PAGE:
Centerpiece Fish – For Every Tank Size – (21+ Included)!

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Are you looking for a showstopping centerpiece fish to add to your community aquarium? Well, you’ve come to the right place! This article introduces over 20 stunning centerpiece fish for your freshwater aquarium.

In this guide, I’ll cover everything from nano fish for 5-gallon tanks to foot-long fish for large aquariums, and there are also loads of handy tips for choosing the perfect species for your community.

Let’s get started!

Key Takeaways

  • The best centerpiece fish are eyecatching species that get along peacefully with other tank mates
  • Each fish species prefers different water parameters, so choose a species that will be comfortable in your local water
  • Research the needs and adult size of any fish before having it bagged at your local fish store. Most fish are sold when they are very young
  • Avoid aggressive species unless you plan on keeping them in a species-only tank or with other aggressive fish

What Are They?

Have you ever looked into a fish tank and immediately noticed one fish that really stands out above all of its tank mates? Well, that’s a centerpiece fish! They are usually bigger, brighter, or even stranger than the other species, and they are always the main talking point of the tank.

Centerpiece fish aren’t only for community tanks, either. Many aquarists prefer to keep just one centerpiece species in its own tank. Wondering how to choose the perfect centerpiece fish for your aquarium? Read on to find out!

How to Choose the Right Species for Your Tank

Choosing a good centerpiece fish for your tank requires you to ask a few questions. Firstly, Are you looking for a new fish for a community tank? If so, it’s very important that your new pet gets along with all its companions.

Consider the following factors to make a smart choice:


Centerpiece fish are usually larger than the other fish in their tank, creating a pretty obvious problem. Big fish eat little fish, so how do you prevent your fishy friends from turning into snacks?

  • Choose species with small mouths. Most fish will swallow anything they can fit in their mouths, so predatory fish with huge mouths are a big no-no.
  • Choose species that are similar-sized or just a little larger than their tank mates.

Their size will also determine the tank size you need. For ease, I have included several categories when classifying these fish so you know where they fit in your aquarium size. They are:

  • Small – 5 – 20 gallons
  • Medium – 29 – 55 gallons
  • Large – 60 gallons and up


Choose peaceful fish unless you’re setting up a species-only aquarium where your centerpiece fish will have the tank all to itself. Some fish are most peaceful when kept alone, while others need the company of their own species to stay healthy and confident.

Water Parameters

Freshwater fish are found in lakes, rivers, and swamps worldwide. However, the chemical properties of the water where they live can differ pretty dramatically from one place to another, and some fish are specifically adapted to certain conditions.

  • Choose fish that prefer similar pH and water hardness. Most species do well in neutral water, but some, like the West African cichlids, need hard, high-pH water to thrive. It’s always best to choose fish that will be comfortable in the kind of water you already have.
  • Temperature is very important too. Most tropical fish thrive in water in the mid-70s Fahrenheit, but some species need water above 80 degrees to survive long-term. Those species just aren’t going to work with something like a goldfish that prefers water in the upper 60s or lower 70s.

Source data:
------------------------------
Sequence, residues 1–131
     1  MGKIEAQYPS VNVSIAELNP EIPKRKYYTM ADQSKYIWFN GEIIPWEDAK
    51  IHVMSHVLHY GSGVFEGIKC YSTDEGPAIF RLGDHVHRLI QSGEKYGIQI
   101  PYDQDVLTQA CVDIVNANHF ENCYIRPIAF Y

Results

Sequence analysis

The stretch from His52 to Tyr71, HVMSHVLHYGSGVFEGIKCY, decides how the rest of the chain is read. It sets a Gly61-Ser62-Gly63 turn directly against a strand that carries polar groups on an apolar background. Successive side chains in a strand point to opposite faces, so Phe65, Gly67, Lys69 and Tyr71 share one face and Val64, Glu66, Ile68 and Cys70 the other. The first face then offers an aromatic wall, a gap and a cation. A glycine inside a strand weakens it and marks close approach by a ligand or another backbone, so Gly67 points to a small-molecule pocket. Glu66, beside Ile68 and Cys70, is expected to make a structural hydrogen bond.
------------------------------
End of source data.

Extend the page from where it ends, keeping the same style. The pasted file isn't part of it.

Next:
The 21 Best Centerpiece Fish

Now that you know what a centerpiece fish is and some of the most important factors for choosing the right species, let’s go ahead and meet some amazing species that could be the next star of your tank! We have an excellent video from our YouTube channel if you would like to follow along. Our blog post goes into further detail as well. Subscribe if you like our content, as we post new videos every week.

Small (5 – 20 gallons)

Starting out our list with fish that are best for nano tanks. These can either be housed alone or with other fish.

1. Betta

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  • Scientific Name: Betta splendens
  • Size: 2.5 inches
  • Minimum Tank Size: 5 gallons
  • Water Temperature: 76 – 80 °F
  • pH: 6 – 8
  • Hardness requirements: 5 – 20 dGH
  • Diet: Carnivorous

If you’re looking for a colorful species for a nano aquarium then look no further than the betta fish! No other centerpiece fish comes in such an amazing color variation, scale types, and fin shapes.

Also known as the Siamese fighting fish, this colorful fish is the number one choice if you have a five-gallon aquarium. However, at that size, you’d want to give your betta the tank all to itself.

That doesn’t mean you can’t set up a giant betta fish tank with loads of other peaceful fish! This popular labyrinth fish actually makes an excellent centerpiece fish in a tropical community tank.

2. Apistogramma Dwarf Cichlids

  • Scientific Name: Apistogramma spp.
  • Size: 3 – 3.5 inches
  • Minimum Tank Size: 15 gallons
  • Water Temperature: 72 – 84 °F
  • pH: 6 – 7
  • Hardness requirements: 6 – 10 dGH
  • Diet: Carnivorous

Apistogrammas are dwarf cichlids from South America with great colors and interactive nature. There are many species to choose from, including the popular Apistogramma agassizii and Apistogramma cacatuoides.

You could keep these territorial fish with a group of small schooling fish like neon tetras in a 15-gallon or larger aquarium or you can step down to a ten-gallon and keep a breeding pair of Apistogrammas on their own.

3. Bolivian Ram

Bolivan Ram Cichlid